This cadence means that the community will see the following behaviors:
On Wednesday of Week 1, we will do a Changelog blog that will update everyone on the imminent changes to the Alpha Test.
On Wednesday of Week 2, we will do a more traditional blog that will focus on the marketing, new hires, ideas from design for which we would like to get community feedback, etc.
On Thursday of Week 2, a new build should become available for Alpha Testers, and they should begin to download and install it.
The first week or two of Alpha Testing will be an internal test with Goblinworks and Paizo employees and family members.
Once we're confident that we have the server in a ready condition, that people are able to install and run the client software on a variety of machines, and that in general the board is "GO!" for public Alpha Testing, we will begin to send invites to the first group of Alpha Testers.
Those initial Alpha Testers will be the people who backed the Tech Demo Kickstarter and the Pathfinder Online MMO Kickstarter at the Alpha level (or equivalent). We will also be inviting selected members of the media, partners, potential investors, and other business related contacts to join us.
Based on how stable the system is and how well it is handling the load, we will begin to increase the number of people with access to the Alpha incrementally. The existing Alpha testers will be given an invite they can give to a friend. Later, they'll be given several more invites. Over time we will monitor how many people are accessing the game and adjust the number of invites being distributed to get the load on the server we need to see for testing purposes.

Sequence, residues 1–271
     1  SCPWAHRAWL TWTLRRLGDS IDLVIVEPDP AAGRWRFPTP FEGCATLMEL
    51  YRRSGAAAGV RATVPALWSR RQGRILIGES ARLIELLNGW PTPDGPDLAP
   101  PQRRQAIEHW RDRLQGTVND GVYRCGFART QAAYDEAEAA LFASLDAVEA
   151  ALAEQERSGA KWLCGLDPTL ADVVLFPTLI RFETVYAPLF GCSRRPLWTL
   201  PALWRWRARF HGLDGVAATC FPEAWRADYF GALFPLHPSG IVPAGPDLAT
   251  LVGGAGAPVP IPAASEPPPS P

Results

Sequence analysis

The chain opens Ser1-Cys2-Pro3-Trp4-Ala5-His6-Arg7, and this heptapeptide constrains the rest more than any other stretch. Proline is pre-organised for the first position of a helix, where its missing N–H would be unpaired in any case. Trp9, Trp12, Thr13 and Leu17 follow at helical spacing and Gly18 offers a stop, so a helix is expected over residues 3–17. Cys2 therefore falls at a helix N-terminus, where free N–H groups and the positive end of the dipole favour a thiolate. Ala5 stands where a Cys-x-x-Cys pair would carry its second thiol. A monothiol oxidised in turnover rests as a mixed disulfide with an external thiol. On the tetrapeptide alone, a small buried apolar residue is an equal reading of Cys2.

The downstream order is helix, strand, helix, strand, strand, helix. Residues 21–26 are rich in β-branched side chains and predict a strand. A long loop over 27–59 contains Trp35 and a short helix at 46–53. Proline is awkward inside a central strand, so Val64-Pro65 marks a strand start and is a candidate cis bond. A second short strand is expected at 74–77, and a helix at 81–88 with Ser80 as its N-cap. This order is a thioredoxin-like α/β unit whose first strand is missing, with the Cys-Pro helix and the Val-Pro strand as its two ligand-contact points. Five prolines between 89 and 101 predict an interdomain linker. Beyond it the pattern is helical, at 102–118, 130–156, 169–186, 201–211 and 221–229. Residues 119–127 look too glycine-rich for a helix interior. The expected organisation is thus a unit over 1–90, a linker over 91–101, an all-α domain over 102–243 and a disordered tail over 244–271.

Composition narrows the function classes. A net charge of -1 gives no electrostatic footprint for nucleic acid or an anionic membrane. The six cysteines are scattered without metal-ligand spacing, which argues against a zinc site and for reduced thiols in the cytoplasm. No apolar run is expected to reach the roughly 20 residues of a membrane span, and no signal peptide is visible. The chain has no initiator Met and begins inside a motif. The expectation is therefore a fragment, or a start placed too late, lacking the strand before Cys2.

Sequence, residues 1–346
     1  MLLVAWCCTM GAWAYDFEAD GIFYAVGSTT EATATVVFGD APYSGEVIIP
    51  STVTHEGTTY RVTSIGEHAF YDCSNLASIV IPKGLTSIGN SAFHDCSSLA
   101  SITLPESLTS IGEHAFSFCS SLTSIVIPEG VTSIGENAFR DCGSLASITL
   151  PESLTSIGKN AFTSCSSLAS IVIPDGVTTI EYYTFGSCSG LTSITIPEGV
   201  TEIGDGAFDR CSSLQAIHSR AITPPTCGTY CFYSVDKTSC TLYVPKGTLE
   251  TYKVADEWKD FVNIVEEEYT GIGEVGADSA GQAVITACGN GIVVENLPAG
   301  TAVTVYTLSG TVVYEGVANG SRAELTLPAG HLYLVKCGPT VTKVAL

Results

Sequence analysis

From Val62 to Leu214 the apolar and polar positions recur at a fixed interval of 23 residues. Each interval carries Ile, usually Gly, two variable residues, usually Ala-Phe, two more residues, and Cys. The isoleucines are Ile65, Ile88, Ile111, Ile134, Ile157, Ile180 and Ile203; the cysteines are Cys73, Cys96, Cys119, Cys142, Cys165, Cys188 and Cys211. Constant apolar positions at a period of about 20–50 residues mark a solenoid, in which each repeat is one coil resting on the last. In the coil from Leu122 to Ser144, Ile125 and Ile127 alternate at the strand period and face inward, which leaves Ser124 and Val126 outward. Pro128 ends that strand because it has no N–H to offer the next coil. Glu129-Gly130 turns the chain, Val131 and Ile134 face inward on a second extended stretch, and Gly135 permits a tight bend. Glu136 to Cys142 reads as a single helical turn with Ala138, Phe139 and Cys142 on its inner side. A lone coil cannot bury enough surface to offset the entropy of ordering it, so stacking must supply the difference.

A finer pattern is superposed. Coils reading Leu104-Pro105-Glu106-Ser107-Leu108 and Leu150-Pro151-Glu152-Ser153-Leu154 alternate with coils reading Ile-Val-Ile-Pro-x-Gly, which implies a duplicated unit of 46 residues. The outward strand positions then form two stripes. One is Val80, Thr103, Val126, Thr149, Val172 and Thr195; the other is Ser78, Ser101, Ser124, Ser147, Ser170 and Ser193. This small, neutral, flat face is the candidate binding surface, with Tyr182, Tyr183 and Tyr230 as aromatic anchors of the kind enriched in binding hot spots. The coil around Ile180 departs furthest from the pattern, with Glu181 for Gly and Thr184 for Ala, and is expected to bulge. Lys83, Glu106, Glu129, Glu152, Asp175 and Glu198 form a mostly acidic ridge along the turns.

As we move closer and closer to Early Enrollment we will expand the Alpha invite list by including randomly selected members of the Month 1 Early Enrollment cadre from the Kickstarter backers. As we continue to increase the load testing, we'll allow those people to send invites to their friends as well.
Finally, in the last weeks before we begin Early Enrollment we will open the Alpha to every Early Enrollee and conduct some all-up stress tests. Ideally we would like to have a few days of operating the server under full load before we begin Early Enrollment so that the first day of Early Enrollment is no more stressful than the last day of Alpha.
Our transition to Early Enrollment will be dictated by the pace of the Alpha Test and what it tells us about the state of the game. We are not going to announce a start date for Early Enrollment yet - we want some experience operating Zog and transitioning to the Early Enrollment hardware before we start speculating on a launch window.
We do not yet have an autopatching client. That means that currently you have to download the whole client each time we push a fresh build. The client is currently about 2 GB in size.